Skip to comments.A waste of a newspaper. New London Day urges: Go slow on eminent domain reform
Posted on 07/25/2005 10:58:03 PM PDT by FortRumbull
Editorial - Only Fools Rush In - Information meeting on eminent domain this week can start a thoughtful debate on the subject.
Published on 7/25/2005
On Thursday, legislators will begin reviewing Connecticut's eminent domain laws. The proceeding before the Planning and Development and Judiciary committees is not a formal hearing, but is described as an information session.
This meeting will be a good place to set the tone for the state's deliberations on this matter, raised when the U.S. Supreme Court ruled in favor of the city in the Kelo case and reaffirmed the practice of using eminent domain to carry out economic development projects.
In the course of its deliberations, the legislature eventually needs to hear from a variety of different, sometimes conflicting perspectives.
It can learn from all of them.
The Institute for Justice, whose lawyer, Scott Bullock, will address the lawmakers Thursday, will argue for eliminating eminent domain as a tool for economic development. But municipal governments will point out that such a drastic change in the law would unfairly handicap them in building their tax bases. Eminent domain has been an instrument for economic development for 50 years, and state officials are likely to point out that it has been an essential part of Connecticut's economic development interventions.
Right now, public opinion on the subject has been inflamed by the Kelo case. But the debate that will begin with Thursday's meeting ought to begin informing the public's views with facts. That is the sort of debate legislative leaders should foster. If that is the tone, constructive changes in the law can come about. If the discussion is overcome by political posturing, it will be a waste of time and nothing is likely to result.
There is no particular reason to hurry. Lawmakers have discussed holding a special session before the legislature reconvenes next winter. Since this isn't the first time the legislature has looked at the subject, it might be possible to draft legislation by that time. In that way, the subject wouldn't have to compete with all the other concerns before the legislature in its regular session.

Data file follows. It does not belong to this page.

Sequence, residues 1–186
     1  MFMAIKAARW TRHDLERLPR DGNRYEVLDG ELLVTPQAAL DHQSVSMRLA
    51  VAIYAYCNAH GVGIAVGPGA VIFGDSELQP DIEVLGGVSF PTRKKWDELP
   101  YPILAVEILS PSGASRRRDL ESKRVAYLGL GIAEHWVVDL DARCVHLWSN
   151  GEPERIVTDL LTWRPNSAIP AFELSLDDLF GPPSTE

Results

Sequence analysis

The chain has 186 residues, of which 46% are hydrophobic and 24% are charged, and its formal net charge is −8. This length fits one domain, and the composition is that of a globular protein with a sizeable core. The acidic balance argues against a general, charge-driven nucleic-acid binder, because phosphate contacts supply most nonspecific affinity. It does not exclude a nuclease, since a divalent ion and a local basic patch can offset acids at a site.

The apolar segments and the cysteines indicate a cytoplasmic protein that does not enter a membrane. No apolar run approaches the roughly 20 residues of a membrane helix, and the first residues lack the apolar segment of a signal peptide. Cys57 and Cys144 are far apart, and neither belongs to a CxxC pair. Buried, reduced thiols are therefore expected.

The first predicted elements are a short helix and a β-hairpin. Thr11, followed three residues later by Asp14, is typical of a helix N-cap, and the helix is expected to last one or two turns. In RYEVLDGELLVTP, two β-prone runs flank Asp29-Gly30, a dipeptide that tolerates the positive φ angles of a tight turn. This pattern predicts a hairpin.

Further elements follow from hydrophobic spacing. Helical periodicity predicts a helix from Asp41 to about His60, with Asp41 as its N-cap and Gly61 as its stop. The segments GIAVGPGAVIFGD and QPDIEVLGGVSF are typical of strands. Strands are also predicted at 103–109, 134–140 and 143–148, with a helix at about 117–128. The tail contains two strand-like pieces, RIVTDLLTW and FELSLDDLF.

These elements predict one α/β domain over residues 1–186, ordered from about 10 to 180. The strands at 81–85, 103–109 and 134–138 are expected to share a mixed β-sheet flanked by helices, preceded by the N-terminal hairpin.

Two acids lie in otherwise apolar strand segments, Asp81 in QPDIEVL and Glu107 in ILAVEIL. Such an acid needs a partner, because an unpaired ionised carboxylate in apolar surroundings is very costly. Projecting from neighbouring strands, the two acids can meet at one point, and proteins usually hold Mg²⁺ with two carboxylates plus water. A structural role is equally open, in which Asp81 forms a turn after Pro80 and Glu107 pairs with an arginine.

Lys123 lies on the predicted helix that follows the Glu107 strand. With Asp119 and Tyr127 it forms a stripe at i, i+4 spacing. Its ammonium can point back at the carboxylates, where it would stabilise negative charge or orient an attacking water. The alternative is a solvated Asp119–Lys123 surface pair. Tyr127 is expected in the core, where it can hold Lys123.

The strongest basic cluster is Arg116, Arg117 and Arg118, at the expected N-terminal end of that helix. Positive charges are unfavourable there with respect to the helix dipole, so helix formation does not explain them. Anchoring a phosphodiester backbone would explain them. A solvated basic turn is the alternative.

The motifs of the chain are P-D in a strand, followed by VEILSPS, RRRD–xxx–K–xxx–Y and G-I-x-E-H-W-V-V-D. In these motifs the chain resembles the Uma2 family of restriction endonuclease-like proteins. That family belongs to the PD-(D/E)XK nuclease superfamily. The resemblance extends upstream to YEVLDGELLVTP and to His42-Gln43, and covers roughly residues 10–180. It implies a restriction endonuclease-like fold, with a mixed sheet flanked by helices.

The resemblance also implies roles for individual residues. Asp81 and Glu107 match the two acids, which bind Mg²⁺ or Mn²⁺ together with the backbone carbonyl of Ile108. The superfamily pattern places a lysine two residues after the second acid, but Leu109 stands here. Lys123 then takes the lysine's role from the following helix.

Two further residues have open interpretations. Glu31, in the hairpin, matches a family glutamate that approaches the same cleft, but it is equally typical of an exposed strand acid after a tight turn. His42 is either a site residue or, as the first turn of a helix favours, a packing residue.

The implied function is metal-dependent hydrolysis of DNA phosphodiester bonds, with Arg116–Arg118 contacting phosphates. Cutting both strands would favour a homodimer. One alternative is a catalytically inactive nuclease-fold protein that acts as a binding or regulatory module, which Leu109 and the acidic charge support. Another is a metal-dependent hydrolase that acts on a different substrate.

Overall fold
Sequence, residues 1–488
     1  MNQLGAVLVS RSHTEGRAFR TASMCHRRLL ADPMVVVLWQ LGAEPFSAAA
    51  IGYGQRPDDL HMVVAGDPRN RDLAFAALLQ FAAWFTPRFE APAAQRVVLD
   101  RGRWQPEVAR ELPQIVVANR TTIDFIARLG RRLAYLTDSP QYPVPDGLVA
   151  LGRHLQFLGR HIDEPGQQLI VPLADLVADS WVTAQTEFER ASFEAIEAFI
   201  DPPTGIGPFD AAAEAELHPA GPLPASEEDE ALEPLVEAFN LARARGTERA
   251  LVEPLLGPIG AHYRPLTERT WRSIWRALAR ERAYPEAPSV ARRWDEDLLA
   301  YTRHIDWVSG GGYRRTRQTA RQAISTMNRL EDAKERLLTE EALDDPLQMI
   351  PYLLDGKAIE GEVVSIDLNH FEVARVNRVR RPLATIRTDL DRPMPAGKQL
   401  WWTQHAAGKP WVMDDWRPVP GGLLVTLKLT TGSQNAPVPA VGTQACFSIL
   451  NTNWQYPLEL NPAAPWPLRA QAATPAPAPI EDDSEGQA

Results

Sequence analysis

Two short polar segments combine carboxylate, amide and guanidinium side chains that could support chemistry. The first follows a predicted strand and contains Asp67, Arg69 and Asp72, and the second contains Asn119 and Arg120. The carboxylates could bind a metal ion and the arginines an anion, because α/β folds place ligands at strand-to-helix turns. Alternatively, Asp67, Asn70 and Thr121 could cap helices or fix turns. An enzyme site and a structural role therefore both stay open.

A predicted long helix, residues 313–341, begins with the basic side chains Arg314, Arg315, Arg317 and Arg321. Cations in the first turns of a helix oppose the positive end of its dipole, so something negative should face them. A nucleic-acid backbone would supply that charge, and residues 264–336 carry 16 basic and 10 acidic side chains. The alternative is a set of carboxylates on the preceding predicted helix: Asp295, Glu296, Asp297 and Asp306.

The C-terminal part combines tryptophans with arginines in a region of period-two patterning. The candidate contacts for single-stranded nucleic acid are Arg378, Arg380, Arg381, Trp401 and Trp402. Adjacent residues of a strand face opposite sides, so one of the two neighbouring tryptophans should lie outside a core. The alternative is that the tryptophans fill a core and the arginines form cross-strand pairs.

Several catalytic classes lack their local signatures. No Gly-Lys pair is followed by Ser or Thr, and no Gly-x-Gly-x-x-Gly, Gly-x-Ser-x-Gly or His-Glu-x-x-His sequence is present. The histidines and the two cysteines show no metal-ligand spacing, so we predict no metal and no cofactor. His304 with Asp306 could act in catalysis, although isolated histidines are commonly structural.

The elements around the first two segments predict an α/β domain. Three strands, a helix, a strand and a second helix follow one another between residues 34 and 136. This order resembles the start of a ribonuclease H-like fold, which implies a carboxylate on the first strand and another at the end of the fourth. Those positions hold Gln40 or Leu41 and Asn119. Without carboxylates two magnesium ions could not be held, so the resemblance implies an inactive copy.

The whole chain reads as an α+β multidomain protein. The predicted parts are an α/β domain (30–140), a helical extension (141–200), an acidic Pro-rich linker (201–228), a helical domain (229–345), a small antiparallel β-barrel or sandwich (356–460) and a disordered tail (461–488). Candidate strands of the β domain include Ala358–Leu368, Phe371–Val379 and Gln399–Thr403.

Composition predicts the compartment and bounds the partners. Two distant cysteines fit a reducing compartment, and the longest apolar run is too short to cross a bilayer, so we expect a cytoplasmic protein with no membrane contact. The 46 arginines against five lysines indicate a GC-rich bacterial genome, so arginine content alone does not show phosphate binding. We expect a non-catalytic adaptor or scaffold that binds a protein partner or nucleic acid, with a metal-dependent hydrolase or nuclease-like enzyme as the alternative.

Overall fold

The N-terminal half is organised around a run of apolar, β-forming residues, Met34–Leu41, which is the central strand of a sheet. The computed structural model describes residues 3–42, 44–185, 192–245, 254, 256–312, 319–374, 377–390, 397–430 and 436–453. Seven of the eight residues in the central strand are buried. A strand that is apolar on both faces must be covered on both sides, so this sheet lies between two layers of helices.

But the more important consideration ought to be to deal thoughtfully with a complex topic. Doing the job right will take time and patience.
© The Day Publishing Co., 2005
Now would be a good time to contact your legislators to remind them that this is a government of the people. Unless each of the more than 40 states without bulletproof eminent domain protections now enacts real safeguards into law, the most basic of our rights will have evaporated, courtesy of the current SCOTUS.
Please Freepmail me if you want on or off my infrequent Connecticut ping list.
Yes, we need to hear from the developers who want the government to steal land for them. It's important to get their perspective.
>>Right now, public opinion on the subject has been inflamed by the Kelo case. But the debate that will begin with Thursday's meeting ought to begin informing the public's views with facts.
Someone needs to invoke Eminent domain on the Day's offices. Probably convert it to a 7-11 or Dunkin Donuts. Something that might actually produce something of value for the community.
Wasn't this an editorial that The Day printed?
Where am I to assume this is the position of The Day?
>>Wasn't this an editorial that The Day printed?
>>Where am I to assume this is the position of The Day?
From what I can tell on their website, it is written by an Editor of the Day. No name and town is given (as they do with letters to the editor) and no byline is given (as they do with editorials written by outside sources). So I guess it is the official position of an unnamed Editor at the Day. Close enough for me.
Convienent that the opinion remains nameless - yes?
I see your point and The Day deserves to pound sand.
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